Respiratory complaints are common in workers exposed to dust. In this study, we sought to determine the prevalence of respiratory complaints among dust-exposed construction workers in Lubumbashi, Democratic Republic of Congo (DRC), in comparison to unexposed office workers. This cross-sectional analytical study included 224 construction workers (exposed group) and 242 office workers from public administrative services (control group). Data on respiratory complaints came from a standardized questionnaire, and lung function was evaluated with a Peak Flow Meter. The prevalence of respiratory complaints was higher in construction workers than controls: wheezing (21.4% vs 7.9%), cough (39.3% vs 2.5%), dyspnea after effort (40.2% vs 2.5%), morning sputum (41.5% vs 3.3%), and rhinitis (79.0% vs 17.8%, respectively). After adjustment for age, education level, and smoking, construction work was associated with respiratory complaints such as cough, sputum, wheezing and rhinitis (p<0.05). On the other hand, peak flow rate was significantly lower in dust-exposed construction workers than in controls (439.95_89.58 and 493.23_67.39, respectively) (p<0.05). This study showed high prevalence of respiratory complaints in Congolese construction workers. The findings suggest the need to improve work environment conditions in construction sites in DRC. Key words: construction workers; dust exposure; prevalence; respiratory compliant.

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December 2017
6 Reads

Prevalence of obesity, diabetes mellitus, hypertension and associated risk factors in a mining workforce, Democratic Republic of Congo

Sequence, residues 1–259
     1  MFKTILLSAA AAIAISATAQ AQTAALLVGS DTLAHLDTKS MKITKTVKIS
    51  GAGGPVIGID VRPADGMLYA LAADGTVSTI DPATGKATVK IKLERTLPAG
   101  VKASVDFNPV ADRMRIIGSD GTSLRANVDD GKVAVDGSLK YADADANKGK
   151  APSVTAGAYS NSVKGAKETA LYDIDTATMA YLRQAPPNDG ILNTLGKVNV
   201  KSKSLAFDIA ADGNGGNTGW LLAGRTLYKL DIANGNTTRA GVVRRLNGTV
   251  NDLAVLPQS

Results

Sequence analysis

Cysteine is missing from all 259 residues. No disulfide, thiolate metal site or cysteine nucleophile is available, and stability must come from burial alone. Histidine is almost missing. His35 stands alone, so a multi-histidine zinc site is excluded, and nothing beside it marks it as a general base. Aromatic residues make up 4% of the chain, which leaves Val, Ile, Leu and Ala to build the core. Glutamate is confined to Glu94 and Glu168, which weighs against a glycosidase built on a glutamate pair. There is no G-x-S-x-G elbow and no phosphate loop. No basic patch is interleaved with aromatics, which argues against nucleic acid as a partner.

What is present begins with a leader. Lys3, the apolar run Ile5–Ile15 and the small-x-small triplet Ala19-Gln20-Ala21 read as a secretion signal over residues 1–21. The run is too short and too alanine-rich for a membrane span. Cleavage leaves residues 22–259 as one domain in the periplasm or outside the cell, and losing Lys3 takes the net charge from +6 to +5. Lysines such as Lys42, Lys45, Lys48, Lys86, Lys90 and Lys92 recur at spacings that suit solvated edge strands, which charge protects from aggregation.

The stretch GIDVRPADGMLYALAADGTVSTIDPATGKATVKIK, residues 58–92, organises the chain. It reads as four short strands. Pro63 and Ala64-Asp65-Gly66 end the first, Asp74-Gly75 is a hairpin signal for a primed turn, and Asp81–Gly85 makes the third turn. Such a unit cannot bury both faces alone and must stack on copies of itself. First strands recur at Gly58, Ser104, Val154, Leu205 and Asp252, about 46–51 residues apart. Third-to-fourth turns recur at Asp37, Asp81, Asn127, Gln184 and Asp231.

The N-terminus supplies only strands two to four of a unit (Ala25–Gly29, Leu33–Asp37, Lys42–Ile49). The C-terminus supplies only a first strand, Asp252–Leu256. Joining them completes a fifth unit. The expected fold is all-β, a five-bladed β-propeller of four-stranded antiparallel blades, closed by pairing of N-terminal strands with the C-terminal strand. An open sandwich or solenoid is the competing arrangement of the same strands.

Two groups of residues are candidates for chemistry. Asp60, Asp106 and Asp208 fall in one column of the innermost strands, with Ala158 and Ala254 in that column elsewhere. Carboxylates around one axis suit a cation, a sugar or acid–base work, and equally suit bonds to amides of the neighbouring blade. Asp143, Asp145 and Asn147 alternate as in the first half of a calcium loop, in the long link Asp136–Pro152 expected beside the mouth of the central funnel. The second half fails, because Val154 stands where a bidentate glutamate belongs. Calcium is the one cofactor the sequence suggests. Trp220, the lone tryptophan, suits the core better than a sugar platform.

Pan African Medical Journal. 2017;28:282. doi:10.11604/pamj.2017.28.282.14361

Pan African Medical Journal

Introduction: The burden of non-communicable diseases (NCDs) is increasing in low and middle-income countries (LMIC). According to the World Health Organization (WHO) the largest increase occurs in Africa. Obesity, diabetes mellitus and hypertension (ODH) are major risk factors for cardiovascular diseases, causing nearly 18 million deaths worldwide. Various risks associated with mining as an occupational activity are implicated in NCDs' occurrence. This study describes the baseline prevalence of ODH and associated risk factors in the workforce of Tenke Fungurume Mining (TFM), in southern Democratic Republic of Congo. Methods: A cross-sectional study was conducted on a sample of 2,749 employees' and contractor's occupational health examination files for 2010. Socio-demographic, occupational, medical, anthropometric and behavioral characteristics were collected and assessed. Disease status regards ODH was based on WHO criteria. A multivariate logistic regression model was used. Results: Overall prevalence of ODH was 4.5%, 11.7%, and 18.2% respectively. Proportions of pre-ODH individuals were 19.7%, 16.5%, and 47.8% respectively. Prevalence of ODH increased with age, professional grade, nature of work, gender and reported alcohol use. Smoking 10 or more cigarettes per day increased risk of diabetes and hypertension, while decreasing obesity. Conclusion: Rates of ODH and associated risk factors are higher in the TFM workforce, than in the general DRC population. This is likely reflective of other mining sites in the country and region. It is evident that ODH are associated with various socio-demographic, occupational, anthropometric, biomedical and behavioral risk factors. A NCD prevention program and close monitoring of disease and risk factors trends are needed in this population.